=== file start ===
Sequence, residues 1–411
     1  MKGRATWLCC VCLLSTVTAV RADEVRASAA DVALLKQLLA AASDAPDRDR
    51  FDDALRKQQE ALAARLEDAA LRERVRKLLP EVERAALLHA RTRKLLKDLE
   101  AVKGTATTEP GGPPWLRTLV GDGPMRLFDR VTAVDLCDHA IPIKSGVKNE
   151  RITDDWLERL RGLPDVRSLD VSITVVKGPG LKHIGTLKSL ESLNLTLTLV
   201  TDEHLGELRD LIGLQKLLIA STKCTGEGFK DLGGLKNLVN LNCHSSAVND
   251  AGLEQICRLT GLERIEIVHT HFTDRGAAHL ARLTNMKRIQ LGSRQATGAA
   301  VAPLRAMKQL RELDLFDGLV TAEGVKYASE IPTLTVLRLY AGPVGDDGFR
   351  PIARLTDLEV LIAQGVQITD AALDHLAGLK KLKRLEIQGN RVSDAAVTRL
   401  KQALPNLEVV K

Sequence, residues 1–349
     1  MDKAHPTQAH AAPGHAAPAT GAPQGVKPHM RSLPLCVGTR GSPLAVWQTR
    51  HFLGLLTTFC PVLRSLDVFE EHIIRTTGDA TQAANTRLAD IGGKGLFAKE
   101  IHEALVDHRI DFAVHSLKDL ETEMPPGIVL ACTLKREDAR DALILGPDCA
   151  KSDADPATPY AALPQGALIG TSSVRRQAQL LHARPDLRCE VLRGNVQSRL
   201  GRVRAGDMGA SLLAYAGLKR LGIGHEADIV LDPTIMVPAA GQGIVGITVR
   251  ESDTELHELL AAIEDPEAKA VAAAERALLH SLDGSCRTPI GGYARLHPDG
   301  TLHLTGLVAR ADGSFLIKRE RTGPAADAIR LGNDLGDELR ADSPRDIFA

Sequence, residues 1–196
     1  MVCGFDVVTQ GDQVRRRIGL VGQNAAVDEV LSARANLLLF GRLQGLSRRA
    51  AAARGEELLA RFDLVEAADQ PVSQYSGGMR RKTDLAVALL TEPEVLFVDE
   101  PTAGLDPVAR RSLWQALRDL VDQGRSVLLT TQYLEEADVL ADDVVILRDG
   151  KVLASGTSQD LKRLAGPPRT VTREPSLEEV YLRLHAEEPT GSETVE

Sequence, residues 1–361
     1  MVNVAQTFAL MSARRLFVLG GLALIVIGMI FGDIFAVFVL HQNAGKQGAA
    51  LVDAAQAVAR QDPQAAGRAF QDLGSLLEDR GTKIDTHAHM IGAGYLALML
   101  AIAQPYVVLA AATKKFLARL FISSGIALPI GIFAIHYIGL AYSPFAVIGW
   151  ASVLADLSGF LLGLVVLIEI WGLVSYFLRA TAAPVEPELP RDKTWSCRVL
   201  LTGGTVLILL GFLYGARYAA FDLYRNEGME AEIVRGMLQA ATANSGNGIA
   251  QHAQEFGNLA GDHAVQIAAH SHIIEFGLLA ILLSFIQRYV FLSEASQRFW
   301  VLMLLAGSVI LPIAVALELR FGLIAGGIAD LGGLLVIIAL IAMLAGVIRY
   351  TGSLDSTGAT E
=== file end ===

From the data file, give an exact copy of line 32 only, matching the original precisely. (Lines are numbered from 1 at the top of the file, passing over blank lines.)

   351  TGSLDSTGAT E